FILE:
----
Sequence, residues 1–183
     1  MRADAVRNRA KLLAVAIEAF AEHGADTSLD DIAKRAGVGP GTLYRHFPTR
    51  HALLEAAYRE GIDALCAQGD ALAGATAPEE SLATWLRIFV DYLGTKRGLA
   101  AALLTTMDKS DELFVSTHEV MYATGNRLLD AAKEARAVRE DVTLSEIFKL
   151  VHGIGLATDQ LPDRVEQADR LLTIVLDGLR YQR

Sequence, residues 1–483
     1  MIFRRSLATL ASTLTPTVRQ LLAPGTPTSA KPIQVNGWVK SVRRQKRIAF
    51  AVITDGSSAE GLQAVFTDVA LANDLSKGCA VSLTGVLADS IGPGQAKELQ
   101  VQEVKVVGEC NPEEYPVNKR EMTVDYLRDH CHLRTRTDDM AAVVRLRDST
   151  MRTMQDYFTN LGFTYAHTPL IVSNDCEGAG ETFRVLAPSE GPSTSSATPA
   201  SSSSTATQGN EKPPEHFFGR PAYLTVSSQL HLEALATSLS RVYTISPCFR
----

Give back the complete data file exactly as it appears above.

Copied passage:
Sequence, residues 1–183
     1  MRADAVRNRA KLLAVAIEAF AEHGADTSLD DIAKRAGVGP GTLYRHFPTR
    51  HALLEAAYRE GIDALCAQGD ALAGATAPEE SLATWLRIFV DYLGTKRGLA
   101  AALLTTMDKS DELFVSTHEV MYATGNRLLD AAKEARAVRE DVTLSEIFKL
   151  VHGIGLATDQ LPDRVEQADR LLTIVLDGLR YQR

Sequence, residues 1–483
     1  MIFRRSLATL ASTLTPTVRQ LLAPGTPTSA KPIQVNGWVK SVRRQKRIAF
    51  AVITDGSSAE GLQAVFTDVA LANDLSKGCA VSLTGVLADS IGPGQAKELQ
   101  VQEVKVVGEC NPEEYPVNKR EMTVDYLRDH CHLRTRTDDM AAVVRLRDST
   151  MRTMQDYFTN LGFTYAHTPL IVSNDCEGAG ETFRVLAPSE GPSTSSATPA
   201  SSSSTATQGN EKPPEHFFGR PAYLTVSSQL HLEALATSLS RVYTISPCFR